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Sunak may ban cigarettes in UK for future generations -The Guardian

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Britain's Prime Minister Rishi Sunak speaks, during a visit to Writtle University College, in Writtle, near Chelmsford, England, Thursda...

Britain's Prime Minister Rishi Sunak speaks, during a visit to Writtle University College, in Writtle, near Chelmsford, England, Thursda...

Sept 22 (Reuters) - British Prime Minister Rishi Sunak is considering introducing measures that would ban the next generation from ever being able to buy cigarettes, The Guardian reported on Friday, citing government sources.

Sunak is looking at anti-smoking measures similar to laws New Zealand announced last year, which include a ban on selling tobacco to anyone born on or after Jan. 1, 2009, the report said.

"We want to encourage more people to quit and meet our ambition to be smokefree by 2030, which is why we have already taken steps to reduce smoking rates," a British government spokesperson said in an emailed response to Reuters.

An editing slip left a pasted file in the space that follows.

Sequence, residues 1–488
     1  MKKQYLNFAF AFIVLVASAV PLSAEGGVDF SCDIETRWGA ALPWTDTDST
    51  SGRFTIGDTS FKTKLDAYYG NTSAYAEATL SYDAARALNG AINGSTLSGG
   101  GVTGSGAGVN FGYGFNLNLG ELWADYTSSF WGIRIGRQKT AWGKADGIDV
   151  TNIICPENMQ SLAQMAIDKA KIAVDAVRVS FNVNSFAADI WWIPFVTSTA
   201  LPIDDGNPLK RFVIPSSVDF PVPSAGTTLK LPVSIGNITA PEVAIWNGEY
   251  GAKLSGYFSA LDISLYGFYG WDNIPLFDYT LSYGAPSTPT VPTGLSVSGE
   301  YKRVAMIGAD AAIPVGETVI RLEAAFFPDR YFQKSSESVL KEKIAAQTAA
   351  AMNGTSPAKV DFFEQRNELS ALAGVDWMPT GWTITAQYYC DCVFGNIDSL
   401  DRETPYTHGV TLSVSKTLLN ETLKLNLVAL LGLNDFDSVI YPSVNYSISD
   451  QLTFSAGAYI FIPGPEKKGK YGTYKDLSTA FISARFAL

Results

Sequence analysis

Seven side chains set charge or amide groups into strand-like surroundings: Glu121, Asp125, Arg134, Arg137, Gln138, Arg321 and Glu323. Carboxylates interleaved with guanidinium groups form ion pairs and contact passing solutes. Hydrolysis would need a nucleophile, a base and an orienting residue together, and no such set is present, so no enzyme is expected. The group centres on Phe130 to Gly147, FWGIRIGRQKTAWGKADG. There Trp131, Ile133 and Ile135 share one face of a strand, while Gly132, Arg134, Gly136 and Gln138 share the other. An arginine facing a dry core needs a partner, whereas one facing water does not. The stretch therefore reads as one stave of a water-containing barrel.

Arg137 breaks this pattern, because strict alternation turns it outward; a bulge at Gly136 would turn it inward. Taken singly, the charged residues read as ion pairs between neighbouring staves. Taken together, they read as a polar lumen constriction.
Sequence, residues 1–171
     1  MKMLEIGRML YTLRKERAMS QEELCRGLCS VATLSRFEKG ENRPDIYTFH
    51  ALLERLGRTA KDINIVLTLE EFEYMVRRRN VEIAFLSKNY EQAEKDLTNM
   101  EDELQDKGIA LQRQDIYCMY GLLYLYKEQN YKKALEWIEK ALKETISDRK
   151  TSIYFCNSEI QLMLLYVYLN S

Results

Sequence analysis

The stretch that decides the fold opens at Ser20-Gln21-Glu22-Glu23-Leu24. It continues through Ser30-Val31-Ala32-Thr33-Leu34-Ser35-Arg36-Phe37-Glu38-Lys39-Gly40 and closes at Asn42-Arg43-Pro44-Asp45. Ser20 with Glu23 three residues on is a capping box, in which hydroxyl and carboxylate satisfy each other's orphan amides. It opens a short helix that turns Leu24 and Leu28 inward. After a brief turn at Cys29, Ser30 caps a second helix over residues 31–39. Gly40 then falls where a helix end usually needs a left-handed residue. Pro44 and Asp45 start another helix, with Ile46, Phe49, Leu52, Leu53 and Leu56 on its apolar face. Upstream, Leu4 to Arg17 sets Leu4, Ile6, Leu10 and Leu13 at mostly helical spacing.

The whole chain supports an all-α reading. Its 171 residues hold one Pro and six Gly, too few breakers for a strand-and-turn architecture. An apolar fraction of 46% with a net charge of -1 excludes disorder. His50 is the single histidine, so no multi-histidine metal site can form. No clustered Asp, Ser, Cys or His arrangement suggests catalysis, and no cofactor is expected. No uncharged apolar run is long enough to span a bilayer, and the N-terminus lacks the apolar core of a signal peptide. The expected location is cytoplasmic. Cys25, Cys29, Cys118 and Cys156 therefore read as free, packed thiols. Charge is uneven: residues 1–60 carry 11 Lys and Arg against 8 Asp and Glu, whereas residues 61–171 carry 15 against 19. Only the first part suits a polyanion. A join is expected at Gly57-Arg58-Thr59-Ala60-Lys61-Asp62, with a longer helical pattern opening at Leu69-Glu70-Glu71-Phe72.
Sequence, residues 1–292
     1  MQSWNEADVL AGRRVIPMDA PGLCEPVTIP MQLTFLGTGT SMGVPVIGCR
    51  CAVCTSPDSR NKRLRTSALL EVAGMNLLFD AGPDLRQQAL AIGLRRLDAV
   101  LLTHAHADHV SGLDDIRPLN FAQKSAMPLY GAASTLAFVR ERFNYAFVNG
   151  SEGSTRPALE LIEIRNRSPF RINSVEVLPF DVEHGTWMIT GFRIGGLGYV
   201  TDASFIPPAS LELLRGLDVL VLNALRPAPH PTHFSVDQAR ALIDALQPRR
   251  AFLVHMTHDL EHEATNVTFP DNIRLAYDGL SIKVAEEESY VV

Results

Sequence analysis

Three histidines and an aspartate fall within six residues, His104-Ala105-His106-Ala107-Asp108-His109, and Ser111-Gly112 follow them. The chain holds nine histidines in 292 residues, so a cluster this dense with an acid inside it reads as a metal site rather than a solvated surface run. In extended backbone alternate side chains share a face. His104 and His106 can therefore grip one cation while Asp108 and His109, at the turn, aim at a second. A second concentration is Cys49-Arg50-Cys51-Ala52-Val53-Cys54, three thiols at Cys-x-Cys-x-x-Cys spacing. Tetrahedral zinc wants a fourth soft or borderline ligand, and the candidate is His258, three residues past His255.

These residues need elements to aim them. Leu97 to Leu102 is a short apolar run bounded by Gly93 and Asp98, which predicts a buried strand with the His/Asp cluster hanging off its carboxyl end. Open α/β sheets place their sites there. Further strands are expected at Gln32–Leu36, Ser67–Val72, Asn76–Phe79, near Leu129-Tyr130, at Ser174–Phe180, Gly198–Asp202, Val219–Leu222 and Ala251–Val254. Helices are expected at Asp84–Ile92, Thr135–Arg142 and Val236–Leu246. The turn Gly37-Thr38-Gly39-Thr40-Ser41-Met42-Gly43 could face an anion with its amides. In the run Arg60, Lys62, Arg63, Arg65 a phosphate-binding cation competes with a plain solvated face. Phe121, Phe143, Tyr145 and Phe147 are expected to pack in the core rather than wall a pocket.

Those measures include free vape kits, a voucher scheme to incentivise pregnant women to quit, and consulting on mandatory cigarette pack inserts, the spokesperson added.

The spokesperson declined to comment further on The Guardian report.

The policies under consideration are part of a new consumer-focused drive from Sunak's team before next year's expected election, the report said.

Britain in May announced it would close a loophole that let retailers give free samples of vapes to children in a clampdown on e-cigarettes.

Separately, councils in England and Wales in July called on the government to ban the sale of single-use vapes by 2024 on both environmental and health grounds.